Sussex inmates with COVID-19 rises to five

Smyrna offender who died found positive after three tests
April 20, 2020

A total of five inmates in Sussex County have tested positive for COVID-19 as the total number across the state rises to 20. An inmate in Smyrna who died April 16 was found positive for COVID-19 after two previous negative test results.

“The Department of Correction is deeply saddened that for the first time COVID has been determined to be a contributing factor in the death of an inmate,” said Commissioner Claire DeMatteis. “This reinforces the critical importance of all of the aggressive, proactive screening, monitoring, cleaning and treatment efforts that are being carried out around the clock at each of our facilities.”

Convicted sex offender Joseph S. Russo, 73, who had chronic obstructive pulmonary disease, died in Bayhealth Hospital's Kent Campus after testing negative twice before for COVID-19. After a third test returned positive on April 17, Russo's death was ruled acute respiratory failure due to complications from COPD and COVID-19, officials said.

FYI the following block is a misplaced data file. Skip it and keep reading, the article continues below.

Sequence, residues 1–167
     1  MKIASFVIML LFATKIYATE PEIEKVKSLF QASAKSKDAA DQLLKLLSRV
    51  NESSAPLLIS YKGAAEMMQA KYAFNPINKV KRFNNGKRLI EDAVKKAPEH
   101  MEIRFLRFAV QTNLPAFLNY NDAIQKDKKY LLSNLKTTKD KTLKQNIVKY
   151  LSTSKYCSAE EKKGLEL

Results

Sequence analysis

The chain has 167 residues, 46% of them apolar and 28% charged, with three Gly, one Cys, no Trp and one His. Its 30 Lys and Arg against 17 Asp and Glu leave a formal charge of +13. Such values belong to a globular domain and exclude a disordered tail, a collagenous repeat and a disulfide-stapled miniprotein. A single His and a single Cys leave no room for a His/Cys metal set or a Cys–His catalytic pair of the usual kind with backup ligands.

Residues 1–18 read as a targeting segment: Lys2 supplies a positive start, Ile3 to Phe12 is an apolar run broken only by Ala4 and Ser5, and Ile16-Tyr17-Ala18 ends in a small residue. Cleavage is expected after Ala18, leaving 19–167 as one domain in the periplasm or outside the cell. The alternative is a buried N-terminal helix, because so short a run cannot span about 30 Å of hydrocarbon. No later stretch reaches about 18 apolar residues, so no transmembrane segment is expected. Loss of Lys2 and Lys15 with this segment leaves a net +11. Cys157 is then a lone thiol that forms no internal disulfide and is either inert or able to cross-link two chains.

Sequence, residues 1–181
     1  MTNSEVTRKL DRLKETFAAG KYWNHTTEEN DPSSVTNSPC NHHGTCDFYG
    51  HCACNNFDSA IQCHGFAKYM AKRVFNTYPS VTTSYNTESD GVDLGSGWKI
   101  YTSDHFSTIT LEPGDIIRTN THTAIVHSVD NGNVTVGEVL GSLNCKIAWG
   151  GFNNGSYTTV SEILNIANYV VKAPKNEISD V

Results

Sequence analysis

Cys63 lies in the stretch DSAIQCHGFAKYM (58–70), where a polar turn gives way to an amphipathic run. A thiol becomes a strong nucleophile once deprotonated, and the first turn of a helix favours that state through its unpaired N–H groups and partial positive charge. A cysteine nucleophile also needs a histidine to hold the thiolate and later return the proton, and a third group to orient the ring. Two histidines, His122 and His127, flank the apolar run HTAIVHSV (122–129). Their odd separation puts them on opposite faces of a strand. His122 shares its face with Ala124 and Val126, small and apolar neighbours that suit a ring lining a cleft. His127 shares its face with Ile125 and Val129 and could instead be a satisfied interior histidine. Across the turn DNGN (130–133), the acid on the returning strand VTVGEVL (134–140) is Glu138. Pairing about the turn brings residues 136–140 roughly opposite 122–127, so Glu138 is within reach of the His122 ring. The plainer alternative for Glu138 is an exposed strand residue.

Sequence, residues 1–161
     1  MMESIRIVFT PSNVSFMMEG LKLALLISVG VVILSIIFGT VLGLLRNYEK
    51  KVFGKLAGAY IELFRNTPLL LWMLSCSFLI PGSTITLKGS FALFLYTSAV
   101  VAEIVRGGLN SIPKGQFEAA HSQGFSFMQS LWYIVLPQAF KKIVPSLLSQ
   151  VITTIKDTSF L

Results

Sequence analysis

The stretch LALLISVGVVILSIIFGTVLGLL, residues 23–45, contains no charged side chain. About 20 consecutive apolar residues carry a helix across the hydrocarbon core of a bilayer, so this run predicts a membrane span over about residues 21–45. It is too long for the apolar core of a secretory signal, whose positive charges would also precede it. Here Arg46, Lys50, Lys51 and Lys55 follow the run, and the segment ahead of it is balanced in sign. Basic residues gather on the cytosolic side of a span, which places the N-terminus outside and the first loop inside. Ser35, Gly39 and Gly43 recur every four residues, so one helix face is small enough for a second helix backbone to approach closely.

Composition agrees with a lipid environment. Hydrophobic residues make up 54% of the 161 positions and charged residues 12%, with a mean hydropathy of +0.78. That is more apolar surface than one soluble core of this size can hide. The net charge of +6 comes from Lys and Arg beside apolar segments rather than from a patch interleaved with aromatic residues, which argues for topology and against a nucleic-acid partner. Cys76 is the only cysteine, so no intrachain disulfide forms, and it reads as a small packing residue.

All five inmates in Sussex County that have tested positive are with Sussex Community Corrections Center in Georgetown. Of the five, three are asymptomatic, said Jason Miller, chief of communications and community relations. These inmates were housed near two inmates who earlier tested positive for COVID-19, he said, and they are part of a group of seven inmates who have been carefully monitored in isolation since April 12.

On April 17, Miller said, the three asymptomatic inmates who tested positive were transported to the James T. Vaughn Correctional Center COVID treatment center. Four inmates who tested negative continue to be carefully monitored in isolation at SCCC, he said.

A correctional officer at SCCC also tested positive for COVID-19 on April 17, bringing the state total of officers with COVID-19 to 18, he said.

DOC continues to take precautions to limit the spread of COVID-19 which include temperature checks, two-week quarantine for new inmates, and providing face masks for officers and more than 500 inmates who are in infirmaries, those with compromised immune systems, and inmates who have institutional jobs, such as food service.

Miller said most probationer visits with probation officers were transitioned to phone check-ins in March to support social distancing measures.

“To date we have contained COVID-19 cases among inmates to one housing unit in one prison and one housing pod in one community corrections facility. Of the 20 inmates who have tested positive, only eight have symptoms, which are being treated with round-the-clock care,” DeMatteis said. “Eleven others are well into recovery or remain asymptomatic.”


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